House committee narrows scope of gun violence protective order bill amid concerns of abuse

The dwindling gun section at Fred Meyer after the retailer announced it would no longer sell guns or ammo to buyers under 21 on March 1, 2018. It later announced that it would cease selling firearms altogether.

After weeks of testimony and committee work, the House Judiciary Committee released an updated version of House Bill 75 that narrows the scope of the proposed law to allow judges to order the temporary removal of firearms from a person at risk of harming themselves or others.

The rewritten version of House Bill 75 would allow only law enforcement officers to petition a judge for a gun violence protective order against a “dangerous person.” The previous version of the bill would have also allowed immediate family members to seek a gun violence protective order, but was that met with worry about potential abuse.

The new bill also raises the threshold of evidence for the orders, and defines what a “dangerous person” is for the intent of the bill. A “dangerous person” would be someone who has either made threats of immediate violence; or is at risk of violence in the future and has a mental illness that they’ve been documented to not be properly treating (the bill specifically says mental illness alone isn’t cause); or is at risk of violence in the future and has a documented history of violent behavior.

Rep. Chuck Kopp, R-Anchorage, described the sort of behavior that would be targeted by the bill as someone making a Facebook post about wanting to become a professional school shooter but not naming a school or time. He said without an identifiable victim law enforcement would have a tough time acting under current law.

“I feel fairly confident there’s not a single person at this table that when people make statements or post online that they intend to do something, but have left one blank in the sentence–and that’s who the victim is and when–that we would want to stand by and wait for victims to stack up before we do anything,” he said.

He added that he’s more comfortable with the bill because it cuts down on potentials of abuse of the system and it also sets clear protections for gun owners. The orders also require that law enforcement show that less-restrictive intervention was attempted. Gun owners would be able to retrieve their firearms once the protective order has expired.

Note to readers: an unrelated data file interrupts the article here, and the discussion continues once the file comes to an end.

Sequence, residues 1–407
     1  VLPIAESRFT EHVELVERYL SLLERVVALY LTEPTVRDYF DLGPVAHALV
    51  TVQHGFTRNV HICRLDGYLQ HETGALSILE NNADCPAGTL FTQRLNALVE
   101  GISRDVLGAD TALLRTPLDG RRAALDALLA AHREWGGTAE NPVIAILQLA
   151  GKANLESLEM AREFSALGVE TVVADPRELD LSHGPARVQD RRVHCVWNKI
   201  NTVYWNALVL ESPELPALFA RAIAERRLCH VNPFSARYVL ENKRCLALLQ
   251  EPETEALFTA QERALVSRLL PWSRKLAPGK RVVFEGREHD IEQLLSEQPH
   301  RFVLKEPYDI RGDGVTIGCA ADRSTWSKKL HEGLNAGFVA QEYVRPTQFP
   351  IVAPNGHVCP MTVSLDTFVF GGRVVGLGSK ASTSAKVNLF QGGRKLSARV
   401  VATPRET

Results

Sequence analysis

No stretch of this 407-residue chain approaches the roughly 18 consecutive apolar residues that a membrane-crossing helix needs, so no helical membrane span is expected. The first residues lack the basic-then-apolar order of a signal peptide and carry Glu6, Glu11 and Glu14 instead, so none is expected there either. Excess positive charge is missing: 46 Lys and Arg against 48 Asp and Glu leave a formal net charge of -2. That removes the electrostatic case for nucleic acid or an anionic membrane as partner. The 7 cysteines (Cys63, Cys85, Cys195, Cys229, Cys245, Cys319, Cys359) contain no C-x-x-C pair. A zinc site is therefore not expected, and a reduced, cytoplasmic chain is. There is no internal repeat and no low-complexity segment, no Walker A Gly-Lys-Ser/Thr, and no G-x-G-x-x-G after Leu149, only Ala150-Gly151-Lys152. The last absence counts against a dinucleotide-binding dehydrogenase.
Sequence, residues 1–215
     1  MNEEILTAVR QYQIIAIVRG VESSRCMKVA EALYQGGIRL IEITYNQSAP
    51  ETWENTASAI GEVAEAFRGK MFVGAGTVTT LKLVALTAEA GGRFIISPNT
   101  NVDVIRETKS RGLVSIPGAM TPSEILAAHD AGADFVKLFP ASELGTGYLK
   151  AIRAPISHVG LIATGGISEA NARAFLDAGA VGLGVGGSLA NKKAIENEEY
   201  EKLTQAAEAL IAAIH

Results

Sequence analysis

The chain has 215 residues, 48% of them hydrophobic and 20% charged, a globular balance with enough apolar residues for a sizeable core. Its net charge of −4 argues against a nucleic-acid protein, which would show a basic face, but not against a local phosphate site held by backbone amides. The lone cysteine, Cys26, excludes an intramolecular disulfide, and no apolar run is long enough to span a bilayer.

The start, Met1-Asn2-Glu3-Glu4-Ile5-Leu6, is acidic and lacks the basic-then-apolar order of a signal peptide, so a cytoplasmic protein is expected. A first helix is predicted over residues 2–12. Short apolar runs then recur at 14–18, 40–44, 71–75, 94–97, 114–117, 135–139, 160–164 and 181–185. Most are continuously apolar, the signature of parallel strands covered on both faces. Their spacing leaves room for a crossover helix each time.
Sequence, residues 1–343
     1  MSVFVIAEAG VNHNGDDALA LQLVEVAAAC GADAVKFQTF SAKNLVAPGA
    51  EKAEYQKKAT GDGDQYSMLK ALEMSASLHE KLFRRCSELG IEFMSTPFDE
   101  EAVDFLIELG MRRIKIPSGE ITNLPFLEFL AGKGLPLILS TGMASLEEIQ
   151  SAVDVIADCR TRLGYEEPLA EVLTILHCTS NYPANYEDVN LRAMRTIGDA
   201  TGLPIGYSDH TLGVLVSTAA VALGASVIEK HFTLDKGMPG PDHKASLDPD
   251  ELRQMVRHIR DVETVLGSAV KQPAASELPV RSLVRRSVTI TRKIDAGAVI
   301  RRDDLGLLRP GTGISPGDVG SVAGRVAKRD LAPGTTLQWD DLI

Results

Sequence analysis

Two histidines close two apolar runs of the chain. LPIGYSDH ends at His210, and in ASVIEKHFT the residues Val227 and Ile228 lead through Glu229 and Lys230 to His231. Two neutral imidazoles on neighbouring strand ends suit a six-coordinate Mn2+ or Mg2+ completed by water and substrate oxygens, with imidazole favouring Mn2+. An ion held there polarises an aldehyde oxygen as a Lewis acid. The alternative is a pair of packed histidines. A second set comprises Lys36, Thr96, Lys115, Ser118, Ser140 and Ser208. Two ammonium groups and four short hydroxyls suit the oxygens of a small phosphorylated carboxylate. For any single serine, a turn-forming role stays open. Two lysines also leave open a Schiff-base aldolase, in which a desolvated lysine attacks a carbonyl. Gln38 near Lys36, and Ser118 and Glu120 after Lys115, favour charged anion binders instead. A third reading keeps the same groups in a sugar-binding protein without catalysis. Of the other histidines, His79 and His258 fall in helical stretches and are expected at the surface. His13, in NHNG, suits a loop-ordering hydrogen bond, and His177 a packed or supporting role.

Multiple high school students testified in favor of the bill, with a few speaking specifically about the bill’s importance for combating suicide. One student said that he would have likely committed suicide recently if he had easy access to a firearm.

There were still skeptics of the bill, including Rep. Lora Reinbold, R-Eagle River, who at one point quizzed a high school testifier if she could name all the school shootings in Alaska (the student named the 1997 Bethel High School Shooting) and whether or not a teacher had coached her testimony.

“I want to state guns do nothing alone,” Reinbold later said. “They do not harm anybody. There’s probably hundreds of thousands in Alaska. They do nothing alone. Just like a car does nothing alone, just like pills do nothing alone, just like knives do nothing alone. It is a heart, mind, soul, physical, mental breakdown that causes it.”

Reinbold also said she was concerned the bill would be creating “gun-free” zones because it could remove the guns from a household (it only removes the guns owned by the person affected by the order) making it a soft target for a robbery.

Despite her concerns, Reinbold said she saw potential in the bill, but wanted to hear from law enforcement officers before taking action because she was concerned the protective orders could be putting officers in harm’s way.

Rep. Gabrielle LeDoux, R-Anchorage, was also similarly skeptical about the legislation. She said she wanted to see crime statistics from states that had instituted similar gun violence protective orders (Indiana, Connecticut and California) to see whether or not they had any actual impact on crime or suicide rates.

Rep. Geran Tarr, the sponsor of the bill, cited a study on Indiana that estimated for every 10 to 20 risk orders that were issued, one suicide was avoided. LeDoux dismissed the study as an estimate and said she wanted to see crime statistics on the issue.

The House Judiciary Committee will hear the bill again on Wednesday night. Judiciary chair Rep. Matt Claman, D-Anchorage, set a 4 p.m. Wednesday deadline for amendments.

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